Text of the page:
BAGHDAD, Nov 2 (South News) -Iraq's foreign minister on Monday charged members of Israel's intelligence service Mossad used the UN Special Commissionfor Iraqi disarmament to infiltrate the sanctions-hit state.
Mohammad Said al-Sahhaf claimed there were four people who "belonged to the Iraqi section of Mossad who visited Iraq within the framework of UNSCOM's missions."
He gave their names as Colonel Rony Hakham Khadury, Commander Nissim Shimani, Gideon Shimoni and Colonel Friedman Yacov Ricon.
"They came under borrowed names to collect information for the Zionist and American intelligence services," he told the Iraqi parliament, which met in an emergency session Monday.
UNSCOM chief Richard Butler acknowledged early last month that his mission had worked with Israel after reports in the Washington Post that inspectors had shared intelligence with the Jewish state from US spy planes on loan to UNSCOM.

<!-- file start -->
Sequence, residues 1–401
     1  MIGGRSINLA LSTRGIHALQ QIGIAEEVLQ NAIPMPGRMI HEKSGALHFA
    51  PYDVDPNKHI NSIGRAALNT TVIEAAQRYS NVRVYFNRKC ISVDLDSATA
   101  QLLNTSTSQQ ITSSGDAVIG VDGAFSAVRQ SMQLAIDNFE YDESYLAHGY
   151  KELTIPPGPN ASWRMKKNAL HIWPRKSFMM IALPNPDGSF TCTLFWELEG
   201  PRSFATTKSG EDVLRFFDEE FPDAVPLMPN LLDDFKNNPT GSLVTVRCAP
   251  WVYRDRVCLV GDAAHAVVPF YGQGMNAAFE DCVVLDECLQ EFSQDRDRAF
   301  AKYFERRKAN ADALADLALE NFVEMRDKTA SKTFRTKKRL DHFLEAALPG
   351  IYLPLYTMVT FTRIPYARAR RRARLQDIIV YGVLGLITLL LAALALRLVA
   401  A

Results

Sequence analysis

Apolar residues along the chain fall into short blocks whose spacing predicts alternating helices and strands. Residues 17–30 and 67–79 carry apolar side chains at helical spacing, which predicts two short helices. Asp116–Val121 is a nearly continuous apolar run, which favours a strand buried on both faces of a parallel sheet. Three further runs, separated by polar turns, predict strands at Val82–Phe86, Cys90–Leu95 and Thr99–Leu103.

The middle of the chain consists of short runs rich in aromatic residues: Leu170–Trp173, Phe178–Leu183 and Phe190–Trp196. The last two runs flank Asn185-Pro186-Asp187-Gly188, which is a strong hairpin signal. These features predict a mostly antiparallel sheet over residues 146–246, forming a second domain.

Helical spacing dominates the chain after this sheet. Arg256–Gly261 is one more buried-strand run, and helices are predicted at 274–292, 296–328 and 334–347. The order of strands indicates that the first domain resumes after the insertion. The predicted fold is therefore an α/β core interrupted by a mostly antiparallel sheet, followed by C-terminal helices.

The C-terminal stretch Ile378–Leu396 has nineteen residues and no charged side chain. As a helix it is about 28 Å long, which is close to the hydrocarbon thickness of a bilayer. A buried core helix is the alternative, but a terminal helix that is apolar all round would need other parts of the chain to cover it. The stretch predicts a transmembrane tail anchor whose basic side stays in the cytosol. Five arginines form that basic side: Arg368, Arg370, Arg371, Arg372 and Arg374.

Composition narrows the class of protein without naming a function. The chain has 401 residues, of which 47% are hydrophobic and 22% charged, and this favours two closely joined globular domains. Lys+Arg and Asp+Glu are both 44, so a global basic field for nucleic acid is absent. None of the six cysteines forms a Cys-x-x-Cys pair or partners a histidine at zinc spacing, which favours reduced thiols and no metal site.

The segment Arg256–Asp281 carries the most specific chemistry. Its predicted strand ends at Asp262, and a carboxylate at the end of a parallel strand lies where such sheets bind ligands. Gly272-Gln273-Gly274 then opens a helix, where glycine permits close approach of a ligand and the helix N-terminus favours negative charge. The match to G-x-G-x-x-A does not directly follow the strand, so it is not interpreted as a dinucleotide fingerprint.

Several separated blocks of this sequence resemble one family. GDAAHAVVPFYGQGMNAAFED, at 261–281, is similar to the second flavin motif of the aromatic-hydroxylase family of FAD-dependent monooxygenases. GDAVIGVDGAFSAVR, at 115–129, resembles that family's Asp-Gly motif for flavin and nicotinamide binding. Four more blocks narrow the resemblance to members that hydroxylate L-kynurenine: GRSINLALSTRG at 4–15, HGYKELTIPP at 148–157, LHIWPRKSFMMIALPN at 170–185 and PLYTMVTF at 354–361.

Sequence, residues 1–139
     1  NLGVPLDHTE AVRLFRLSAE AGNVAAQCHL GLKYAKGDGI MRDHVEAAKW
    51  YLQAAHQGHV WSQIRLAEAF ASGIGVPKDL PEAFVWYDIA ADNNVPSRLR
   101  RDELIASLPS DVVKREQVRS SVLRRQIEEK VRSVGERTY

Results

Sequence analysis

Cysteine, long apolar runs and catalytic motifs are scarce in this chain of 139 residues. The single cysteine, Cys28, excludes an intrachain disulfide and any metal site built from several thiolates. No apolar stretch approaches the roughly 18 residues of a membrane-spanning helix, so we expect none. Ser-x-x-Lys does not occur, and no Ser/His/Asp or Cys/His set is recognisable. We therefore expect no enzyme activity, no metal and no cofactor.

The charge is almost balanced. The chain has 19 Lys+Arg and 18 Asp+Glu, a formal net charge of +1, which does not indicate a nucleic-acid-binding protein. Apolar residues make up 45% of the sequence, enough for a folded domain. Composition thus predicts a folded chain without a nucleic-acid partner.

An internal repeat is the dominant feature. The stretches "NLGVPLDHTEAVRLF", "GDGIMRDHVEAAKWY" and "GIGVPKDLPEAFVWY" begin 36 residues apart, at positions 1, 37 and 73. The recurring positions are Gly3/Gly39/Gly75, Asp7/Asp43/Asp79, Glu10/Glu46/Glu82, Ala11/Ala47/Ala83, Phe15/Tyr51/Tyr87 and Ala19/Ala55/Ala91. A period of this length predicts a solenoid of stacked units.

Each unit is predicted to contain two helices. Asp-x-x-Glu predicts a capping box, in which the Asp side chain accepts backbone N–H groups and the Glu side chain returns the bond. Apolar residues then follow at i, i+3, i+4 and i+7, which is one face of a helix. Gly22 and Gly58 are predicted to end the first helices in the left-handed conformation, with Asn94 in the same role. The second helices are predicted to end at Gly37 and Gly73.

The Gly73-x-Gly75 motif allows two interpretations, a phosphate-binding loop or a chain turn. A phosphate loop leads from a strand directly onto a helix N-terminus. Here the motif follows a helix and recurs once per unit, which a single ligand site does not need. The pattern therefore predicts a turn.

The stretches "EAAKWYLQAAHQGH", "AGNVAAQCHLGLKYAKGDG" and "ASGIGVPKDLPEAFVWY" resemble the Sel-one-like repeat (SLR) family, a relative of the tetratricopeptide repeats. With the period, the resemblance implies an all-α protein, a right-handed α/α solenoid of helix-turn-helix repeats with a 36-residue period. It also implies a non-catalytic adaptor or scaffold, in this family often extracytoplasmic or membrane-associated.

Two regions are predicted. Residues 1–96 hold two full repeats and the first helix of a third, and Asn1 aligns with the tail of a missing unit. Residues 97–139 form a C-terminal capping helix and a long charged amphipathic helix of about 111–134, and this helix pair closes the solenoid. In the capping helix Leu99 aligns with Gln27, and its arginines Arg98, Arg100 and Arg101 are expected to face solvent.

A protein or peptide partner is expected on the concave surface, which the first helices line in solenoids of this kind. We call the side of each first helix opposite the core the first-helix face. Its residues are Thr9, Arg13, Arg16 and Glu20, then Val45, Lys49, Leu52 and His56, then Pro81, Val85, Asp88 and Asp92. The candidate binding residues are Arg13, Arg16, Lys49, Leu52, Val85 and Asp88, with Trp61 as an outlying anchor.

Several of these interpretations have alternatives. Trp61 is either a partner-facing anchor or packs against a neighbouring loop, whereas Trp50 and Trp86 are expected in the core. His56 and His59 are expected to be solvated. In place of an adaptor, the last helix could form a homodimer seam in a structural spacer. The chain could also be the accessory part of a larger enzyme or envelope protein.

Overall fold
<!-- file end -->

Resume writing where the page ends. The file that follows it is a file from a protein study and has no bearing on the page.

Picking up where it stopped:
Meanwhile Iraq's parliamentary speaker Saadun Hammadi held talks on the crisis on Monday with visiting Russian Liberal-Democratic leader Vladimir Zhirinovsky, the Iraqi news agency INA reported.
During their discussions Hammadi thanked Russia for supporting Baghdad over its demands for eight-year-old UN sanctions to be lifted, it said.
"Zhirinovsky voiced his and his parliamentary bloc's complete readiness to take measures to support Iraq and adopt stands to lift the sanctions imposed on the Iraqi people," the agency said.
The leader of Russia's Liberal Democratic Party, who arrived here on Saturday with humanitarian aid, also called for bilateral cooperation to be increased in various fields.
In a furter development Baghdad warned Prague on Monday that its hosting of the production studios for a new subversive US-funded radio service to Iraq could damage relations.
"The establishment of an anti-Baghdad radio is a negative development which could have an impact on future economic and trade ties," Foreign Minister Mohammad Said Al-Sahhaf told the INA news agency .
Radio Free Iraq, whose programmes are produced by the studios of the US-funded Radio Free Europe/Radio Liberty (RFE/RL) in Prague, started broadcasts on Friday. The radio's director David Newton is a former US ambassador to Iraq.
Last month, US Congress voted to permit the Clinton administration to spend 97 million U.S. dollars on military aid for opposition groups in Iraq.
The "Iraq Liberation Act of 1998" also allows two million US dollars in funding to opposition groups for radio and television broadcasts into Iraq.